OUR HOME LIBRARY 275
they are. If the book is not your own, do this on a little slip of paper, which you may keep separately. These memoranda will be, of course, of all sorts of things. Thus they will be facts which you want to know, or funny stories which you think will amuse some one, or opinions which you may have a doubt about. Suppose you had got hold of that very rare book, Veragas's "History of the Pacific Ocean and Its Shores" ; here might be your private index at the end of the first volume:
Percentage of salt in water, 11; Gov. Revillagigedo, 19; Caciques and potatoes, 23; Lime-water for scurvy, 29; Enata, Kanaka, 42; Magelhaens vs. Wilkes, 57; Coral insects, 72; Gigantic ferns, 84, etc., etc., etc.
Very likely you may never need one of these references; but if you do, it is certain that you will have no time to waste in hunting for them. Make your memorandum, and you are sure.
Bear in mind all along that each book will suggest other books which you are to read sooner or later. In your memoranda note with care the authors who are referred to of whom you know little or nothing, if you think you should like to know more, or ought to know more. Do not neglect this last condition, however. You do not make the memorandum to show it at the Philogabblian; you make it for yourself ; and it means that you yourself need this additional information.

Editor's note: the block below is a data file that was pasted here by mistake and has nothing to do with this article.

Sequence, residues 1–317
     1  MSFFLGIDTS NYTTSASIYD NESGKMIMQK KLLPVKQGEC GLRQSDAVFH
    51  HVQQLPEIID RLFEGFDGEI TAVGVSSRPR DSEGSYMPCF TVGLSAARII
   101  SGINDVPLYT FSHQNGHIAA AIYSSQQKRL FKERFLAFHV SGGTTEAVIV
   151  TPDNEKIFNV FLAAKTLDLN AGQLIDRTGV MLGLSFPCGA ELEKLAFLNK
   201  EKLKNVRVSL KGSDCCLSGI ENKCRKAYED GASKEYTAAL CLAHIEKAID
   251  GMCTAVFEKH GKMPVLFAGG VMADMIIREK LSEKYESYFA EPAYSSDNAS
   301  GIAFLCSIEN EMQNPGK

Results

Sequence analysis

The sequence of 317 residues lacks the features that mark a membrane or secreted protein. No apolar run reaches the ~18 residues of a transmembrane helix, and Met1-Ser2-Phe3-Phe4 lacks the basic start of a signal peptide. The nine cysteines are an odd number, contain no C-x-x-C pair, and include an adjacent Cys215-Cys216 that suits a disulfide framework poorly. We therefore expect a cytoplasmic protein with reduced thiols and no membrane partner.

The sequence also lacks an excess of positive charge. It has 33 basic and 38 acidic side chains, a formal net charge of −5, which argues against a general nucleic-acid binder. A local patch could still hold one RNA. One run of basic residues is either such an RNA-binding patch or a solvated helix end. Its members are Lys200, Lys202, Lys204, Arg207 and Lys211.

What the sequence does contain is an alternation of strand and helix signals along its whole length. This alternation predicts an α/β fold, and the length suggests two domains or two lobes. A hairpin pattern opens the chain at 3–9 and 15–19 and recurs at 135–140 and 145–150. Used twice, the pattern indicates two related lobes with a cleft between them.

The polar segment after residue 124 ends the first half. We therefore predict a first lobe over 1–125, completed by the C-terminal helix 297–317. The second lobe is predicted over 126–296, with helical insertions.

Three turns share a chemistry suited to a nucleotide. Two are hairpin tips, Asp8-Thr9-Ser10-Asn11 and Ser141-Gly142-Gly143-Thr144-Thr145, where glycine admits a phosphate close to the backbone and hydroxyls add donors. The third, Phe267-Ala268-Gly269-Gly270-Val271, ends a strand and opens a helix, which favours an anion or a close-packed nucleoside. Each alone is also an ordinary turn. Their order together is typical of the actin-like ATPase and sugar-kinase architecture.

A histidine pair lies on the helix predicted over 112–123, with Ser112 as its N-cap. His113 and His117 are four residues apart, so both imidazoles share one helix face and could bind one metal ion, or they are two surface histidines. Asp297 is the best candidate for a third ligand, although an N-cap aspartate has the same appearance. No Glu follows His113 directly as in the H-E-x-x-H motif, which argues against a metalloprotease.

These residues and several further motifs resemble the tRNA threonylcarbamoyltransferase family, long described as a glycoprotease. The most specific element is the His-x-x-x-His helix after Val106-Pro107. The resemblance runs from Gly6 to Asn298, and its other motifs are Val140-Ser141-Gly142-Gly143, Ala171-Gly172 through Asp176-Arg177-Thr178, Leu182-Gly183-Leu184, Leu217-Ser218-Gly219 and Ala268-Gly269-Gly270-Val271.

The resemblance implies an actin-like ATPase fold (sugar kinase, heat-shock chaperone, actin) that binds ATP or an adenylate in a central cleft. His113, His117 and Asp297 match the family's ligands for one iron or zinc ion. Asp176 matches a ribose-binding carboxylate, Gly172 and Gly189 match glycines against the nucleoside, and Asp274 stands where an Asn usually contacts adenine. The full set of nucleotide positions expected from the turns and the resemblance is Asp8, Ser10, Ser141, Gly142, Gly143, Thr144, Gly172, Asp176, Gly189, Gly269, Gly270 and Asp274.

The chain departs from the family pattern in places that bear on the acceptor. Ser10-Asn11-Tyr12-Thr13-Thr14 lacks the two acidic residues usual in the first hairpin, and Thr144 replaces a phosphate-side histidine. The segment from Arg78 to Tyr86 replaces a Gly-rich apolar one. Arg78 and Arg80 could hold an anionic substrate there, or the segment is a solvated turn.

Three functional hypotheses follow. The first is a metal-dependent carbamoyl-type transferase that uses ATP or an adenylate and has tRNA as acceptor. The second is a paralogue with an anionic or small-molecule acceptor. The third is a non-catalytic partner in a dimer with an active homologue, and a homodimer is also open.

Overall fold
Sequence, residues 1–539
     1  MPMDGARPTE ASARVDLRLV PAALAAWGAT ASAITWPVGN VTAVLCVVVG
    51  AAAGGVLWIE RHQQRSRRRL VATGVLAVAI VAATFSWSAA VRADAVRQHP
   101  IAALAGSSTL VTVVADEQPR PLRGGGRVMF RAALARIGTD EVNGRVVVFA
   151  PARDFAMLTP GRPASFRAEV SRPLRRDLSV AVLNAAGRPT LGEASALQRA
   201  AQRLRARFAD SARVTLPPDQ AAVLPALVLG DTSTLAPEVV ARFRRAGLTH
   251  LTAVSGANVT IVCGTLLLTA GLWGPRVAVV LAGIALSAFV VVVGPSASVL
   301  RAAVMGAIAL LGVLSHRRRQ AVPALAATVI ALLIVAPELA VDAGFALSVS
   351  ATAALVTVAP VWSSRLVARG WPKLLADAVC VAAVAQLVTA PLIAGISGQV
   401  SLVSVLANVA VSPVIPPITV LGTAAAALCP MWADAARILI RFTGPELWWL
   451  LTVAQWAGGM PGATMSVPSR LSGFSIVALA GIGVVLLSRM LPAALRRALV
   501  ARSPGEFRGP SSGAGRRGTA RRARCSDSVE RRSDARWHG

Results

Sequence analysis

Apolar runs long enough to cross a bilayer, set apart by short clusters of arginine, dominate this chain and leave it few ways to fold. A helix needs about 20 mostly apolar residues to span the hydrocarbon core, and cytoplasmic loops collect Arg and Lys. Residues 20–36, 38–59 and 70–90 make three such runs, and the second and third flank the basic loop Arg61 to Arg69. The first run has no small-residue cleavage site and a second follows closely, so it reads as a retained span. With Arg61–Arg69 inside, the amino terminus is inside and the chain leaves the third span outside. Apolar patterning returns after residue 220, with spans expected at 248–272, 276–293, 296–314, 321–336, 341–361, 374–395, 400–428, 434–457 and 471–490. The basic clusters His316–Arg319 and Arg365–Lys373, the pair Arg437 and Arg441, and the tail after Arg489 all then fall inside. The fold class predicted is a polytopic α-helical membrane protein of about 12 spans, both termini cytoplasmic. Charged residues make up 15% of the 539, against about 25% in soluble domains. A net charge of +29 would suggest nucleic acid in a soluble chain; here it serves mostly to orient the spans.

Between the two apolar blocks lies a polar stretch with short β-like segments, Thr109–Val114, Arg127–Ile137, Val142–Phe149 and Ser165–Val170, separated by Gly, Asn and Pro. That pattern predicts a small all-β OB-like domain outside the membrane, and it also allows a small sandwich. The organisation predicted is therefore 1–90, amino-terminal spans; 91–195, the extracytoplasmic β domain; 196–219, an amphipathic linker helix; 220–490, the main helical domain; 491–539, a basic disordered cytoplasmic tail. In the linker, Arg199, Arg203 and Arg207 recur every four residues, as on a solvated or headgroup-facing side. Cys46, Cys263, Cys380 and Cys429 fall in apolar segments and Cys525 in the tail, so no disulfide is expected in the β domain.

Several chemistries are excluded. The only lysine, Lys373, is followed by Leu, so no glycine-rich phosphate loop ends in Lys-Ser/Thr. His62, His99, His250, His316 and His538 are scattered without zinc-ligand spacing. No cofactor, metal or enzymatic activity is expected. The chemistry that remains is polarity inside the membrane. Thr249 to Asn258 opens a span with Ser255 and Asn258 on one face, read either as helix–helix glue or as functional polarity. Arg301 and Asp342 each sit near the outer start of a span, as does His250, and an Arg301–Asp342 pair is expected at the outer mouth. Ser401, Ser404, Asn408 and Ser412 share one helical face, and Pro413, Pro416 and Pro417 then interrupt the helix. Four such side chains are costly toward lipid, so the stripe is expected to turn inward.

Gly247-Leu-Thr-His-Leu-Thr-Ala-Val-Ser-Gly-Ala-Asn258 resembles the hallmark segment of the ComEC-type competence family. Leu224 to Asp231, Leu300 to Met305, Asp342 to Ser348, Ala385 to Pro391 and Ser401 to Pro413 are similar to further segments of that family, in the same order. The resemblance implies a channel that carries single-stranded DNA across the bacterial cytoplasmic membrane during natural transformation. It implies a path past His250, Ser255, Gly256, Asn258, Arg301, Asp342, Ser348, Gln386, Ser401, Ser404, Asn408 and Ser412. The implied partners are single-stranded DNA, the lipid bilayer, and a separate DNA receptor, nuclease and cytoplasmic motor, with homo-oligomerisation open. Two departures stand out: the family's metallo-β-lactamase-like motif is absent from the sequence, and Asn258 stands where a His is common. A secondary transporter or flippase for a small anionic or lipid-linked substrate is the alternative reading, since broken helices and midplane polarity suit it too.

Whether to copy much from books or not? That is a question; and the answer is: "That depends." If you have but few books, and much time and paper and ink; and if you are likely to have fewer books, why, nothing is nicer and better than to make for use in later life good extract-books to your own taste, and for your own purposes. But if you own your books, or are likely to have them at command, time is short, and the time spent in copying would probably be better spent in reading. There are some very diffusive books, difficult because diffusive, of which it is well